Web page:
13 as0-dcr1.par.cw.net (195.2.10.161) 904.086 ms 658.604 ms 1547.670 ms
      14 so-0-0-0-dcr1.was.cw.net (195.2.10.117) 670.472 ms 822.322 ms 698.954 ms
      15 dcr1-so-2-0-0.Washington.savvis.net (206.24.238.17) 620.367 ms 654.039 ms 711.492 ms
      16 dcr2-loopback.SanFranciscosfo.savvis.net (206.24.210.100) 848.040 ms 795.551 ms 879.444 ms
      17 bhr1-pos-0-0.SantaClarasc8.savvis.net (208.172.156.198) 1360.829 ms 994.331 ms 758.175 ms
      18 csr1-ve240.SantaClarasc8.savvis.net (66.35.194.34) 1306.824 ms 1061.993 ms 861.418 ms
      19 66.35.212.174 (66.35.212.174) 1148.671 ms 1076.630 ms 696.751 ms
      20 slashdot.org (66.35.250.150) 983.516 ms 1103.163 ms 778.011 ms
  • by Billy_D_Goat (589293) on Sunday March 20, 2005 @12:31PM (#11991037)
    Would this be any relation to Skynet perhaps? Flynet: Skynet's little sister.
  • 0wned! (Score:4, Funny)

    by Anonymous Coward on Sunday March 20, 2005 @12:32PM (#11991047)

    Well, you should have updated you XP to SP2 before putting you IP address on /. dude!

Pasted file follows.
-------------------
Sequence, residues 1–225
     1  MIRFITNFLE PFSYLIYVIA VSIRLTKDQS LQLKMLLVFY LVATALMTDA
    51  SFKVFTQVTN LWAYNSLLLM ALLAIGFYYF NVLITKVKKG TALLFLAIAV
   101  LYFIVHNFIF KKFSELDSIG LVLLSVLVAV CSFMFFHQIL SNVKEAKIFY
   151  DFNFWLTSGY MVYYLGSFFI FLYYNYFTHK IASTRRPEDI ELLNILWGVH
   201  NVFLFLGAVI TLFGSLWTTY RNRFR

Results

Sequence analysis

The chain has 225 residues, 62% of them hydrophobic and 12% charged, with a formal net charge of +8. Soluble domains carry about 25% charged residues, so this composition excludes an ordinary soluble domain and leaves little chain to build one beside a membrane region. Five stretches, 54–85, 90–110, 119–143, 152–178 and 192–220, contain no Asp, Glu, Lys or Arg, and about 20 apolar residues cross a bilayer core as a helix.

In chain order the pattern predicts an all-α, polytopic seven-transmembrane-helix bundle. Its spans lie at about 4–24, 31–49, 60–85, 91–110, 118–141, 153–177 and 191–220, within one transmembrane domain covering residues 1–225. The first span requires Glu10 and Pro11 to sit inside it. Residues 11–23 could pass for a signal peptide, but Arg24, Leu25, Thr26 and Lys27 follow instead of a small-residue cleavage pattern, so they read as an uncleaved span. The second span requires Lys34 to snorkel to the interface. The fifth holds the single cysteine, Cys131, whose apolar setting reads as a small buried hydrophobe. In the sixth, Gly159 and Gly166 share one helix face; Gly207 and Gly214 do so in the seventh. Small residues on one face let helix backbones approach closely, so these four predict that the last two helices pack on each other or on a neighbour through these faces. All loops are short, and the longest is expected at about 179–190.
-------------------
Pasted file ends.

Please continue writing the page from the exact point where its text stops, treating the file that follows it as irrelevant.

Now let us see if we can crank up the volume and start playing back those interesting "documentaries" you've got in:

    c:\Program Files\Accounting\Private\Pervysnsluts_2004_njr_rel .avi
  • Heh (Score:5, Funny)

    by tmasky (862064) on Sunday March 20, 2005 @12:32PM (#11991049)
    I wonder who's insecure laptop is going to join the Mile High club first.
  • by evil-osm (203438)
    ping -f -s1460 172.16.64.1
  • Back in September... (Score:2, Interesting)

    by beebware (149208)
    When I went to Tokyo from Heathrow, London, UK via Munich, Germany - the Munich to Tokyo flight (all the route was by Luthansa German Airlines), they had wireless internet access by Boeing Connexions. If you look out at airport (Munich had them in September when I flew), you may be able to get a $10 free internet access voucher. Just a quick note: The internet access is WiFi, so you will need an appropriate Wifi card - I took plenty of network cables, but my Wifi card for my laptop was "faulty" so I didn't